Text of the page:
The extent of any future operating losses and our ability to sustain profitability are highly uncertain. We have been engaged in developing and commercializing drugs and have generated significant operating losses since our inception in December 1996. Our commercial activities and continued product development and clinical activities will require significant expenditures. For the year ended December 31, 2012, we recognized $218.0 million in total revenues, and, as of December 31, 2012, we had an accumulated deficit of $285.7 million.

We may incur additional operating losses and capital expenditures as we support the continued marketing of our products and development of our investigational drugs, as well as any other products or investigational drugs that we acquire or in-license.

Our quarterly financial results are likely to fluctuate significantly due to uncertainties about future sales levels for our marketed products and future costs associated with our investigational drugs.

Our quarterly operating results are difficult to predict and may fluctuate significantly from period to period, particularly because the commercial success of, and demand for, marketed products, as well as the success and costs of our development programs are uncertain and therefore our future prospects are uncertain. The level of our revenues and results of operations at any given time will be based primarily on the following factors:

 

   

commercial success of our marketed prescription products;

 

   

potential to receive revenue from Zegerid authorized generic products;

 

   

results of clinical studies and other development programs;

 

   

our ability to obtain regulatory approval for our investigational drugs and any future investigational drugs we develop or in-license;

 

   

whether we are able to maintain patent protection for our products, including whether favorable outcomes are obtained in the pending litigation;

 

   

interruption in the manufacturing or distribution of our products;

 

   

progress under our strategic alliances with Merck and GSK, including the impact on these alliances from generic competition and the potential for early termination of, or reduced payments under, the related agreements;

 

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timing of new product offerings, acquisitions, licenses or other significant events by us, our strategic partners or our competitors; and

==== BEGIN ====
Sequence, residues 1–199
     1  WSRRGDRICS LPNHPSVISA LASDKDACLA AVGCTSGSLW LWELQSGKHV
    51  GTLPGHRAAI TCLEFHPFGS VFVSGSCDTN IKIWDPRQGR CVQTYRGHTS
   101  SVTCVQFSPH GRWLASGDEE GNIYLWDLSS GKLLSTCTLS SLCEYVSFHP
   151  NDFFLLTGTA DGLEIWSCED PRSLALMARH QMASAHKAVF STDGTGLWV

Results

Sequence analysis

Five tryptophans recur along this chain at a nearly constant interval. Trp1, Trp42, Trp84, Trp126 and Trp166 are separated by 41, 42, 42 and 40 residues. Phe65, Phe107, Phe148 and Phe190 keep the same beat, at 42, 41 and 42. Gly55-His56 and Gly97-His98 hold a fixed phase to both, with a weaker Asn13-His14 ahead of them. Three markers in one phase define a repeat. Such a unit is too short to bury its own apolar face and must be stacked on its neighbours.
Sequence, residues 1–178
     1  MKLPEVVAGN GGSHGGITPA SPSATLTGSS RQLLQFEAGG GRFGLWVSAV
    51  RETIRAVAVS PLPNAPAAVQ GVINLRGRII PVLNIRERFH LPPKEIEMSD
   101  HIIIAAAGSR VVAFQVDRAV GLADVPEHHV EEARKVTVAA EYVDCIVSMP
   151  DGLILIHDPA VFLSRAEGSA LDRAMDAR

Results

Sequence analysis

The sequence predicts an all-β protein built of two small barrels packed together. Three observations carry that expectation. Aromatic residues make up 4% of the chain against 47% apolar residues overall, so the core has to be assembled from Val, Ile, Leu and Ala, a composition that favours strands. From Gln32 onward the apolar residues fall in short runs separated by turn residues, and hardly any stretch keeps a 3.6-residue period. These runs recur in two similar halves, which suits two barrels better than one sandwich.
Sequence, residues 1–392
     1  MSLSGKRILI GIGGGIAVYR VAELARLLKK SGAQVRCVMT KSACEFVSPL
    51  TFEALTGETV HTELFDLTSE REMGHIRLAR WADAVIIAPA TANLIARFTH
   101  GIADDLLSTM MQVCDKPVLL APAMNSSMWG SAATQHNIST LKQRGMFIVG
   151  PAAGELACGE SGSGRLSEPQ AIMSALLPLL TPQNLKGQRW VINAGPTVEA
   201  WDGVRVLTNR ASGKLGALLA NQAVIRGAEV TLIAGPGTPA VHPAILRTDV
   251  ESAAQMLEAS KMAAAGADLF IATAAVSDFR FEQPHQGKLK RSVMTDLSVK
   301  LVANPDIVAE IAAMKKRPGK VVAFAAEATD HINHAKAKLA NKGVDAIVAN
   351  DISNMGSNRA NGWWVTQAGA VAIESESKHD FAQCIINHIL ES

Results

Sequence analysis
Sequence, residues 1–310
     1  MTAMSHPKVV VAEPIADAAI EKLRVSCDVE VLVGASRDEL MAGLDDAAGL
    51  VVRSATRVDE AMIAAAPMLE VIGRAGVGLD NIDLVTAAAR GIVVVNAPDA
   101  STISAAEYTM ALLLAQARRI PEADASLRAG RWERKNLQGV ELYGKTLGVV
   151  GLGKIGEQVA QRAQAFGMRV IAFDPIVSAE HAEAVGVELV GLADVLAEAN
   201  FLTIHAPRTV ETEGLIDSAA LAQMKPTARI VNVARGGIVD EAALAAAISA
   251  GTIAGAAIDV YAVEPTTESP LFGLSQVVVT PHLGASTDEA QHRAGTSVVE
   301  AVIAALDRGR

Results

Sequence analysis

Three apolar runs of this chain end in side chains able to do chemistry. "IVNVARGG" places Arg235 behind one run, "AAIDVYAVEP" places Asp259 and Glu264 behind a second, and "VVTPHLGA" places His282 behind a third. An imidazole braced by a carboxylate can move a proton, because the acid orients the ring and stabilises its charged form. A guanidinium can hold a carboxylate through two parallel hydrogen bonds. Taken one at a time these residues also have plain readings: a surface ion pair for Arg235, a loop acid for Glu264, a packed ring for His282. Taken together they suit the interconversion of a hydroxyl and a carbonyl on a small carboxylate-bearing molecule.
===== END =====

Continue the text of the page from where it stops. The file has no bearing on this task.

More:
legislative changes, including healthcare reform, affecting the products we may offer or those of our competitors.

Because of these factors, our operating results in one or more future quarters may fail to meet the expectations of securities analysts or investors, which could cause our stock price to decline significantly.

To the extent we need to raise additional funds in connection with the licensing or acquisition of new products or to continue our operations, we may be unable to raise capital when needed.

We believe that our current cash, cash equivalents and short-term investments and use of our line of credit will be sufficient to fund our current operations through at least the next twelve months; however, our projected revenue may decrease or our expenses may increase and that would lead to our cash resources being consumed earlier than we expect. Although we do not believe that we will need to raise additional funds to finance our current operations through at least the next twelve months, we may pursue raising additional funds for various reasons, including to expand our commercial presence, in connection with licensing or acquisition of new marketed products or investigational drugs, to continue development of investigational drugs in our pipeline, or for other general corporate purposes. Sources of additional funds may include funds generated through equity and/or debt financing or through strategic collaborations or licensing agreements.

Our existing universal shelf registration statement, which was declared effective in December 2011, may permit us, from time to time, to offer and sell up to approximately $75.0 million of equity or debt securities. However, there can be no assurance that we will be able to complete any such offerings of securities. Factors influencing the availability of additional financing include the progress of our commercial and development activities, investor perception of our prospects and the general condition of the financial markets, among others.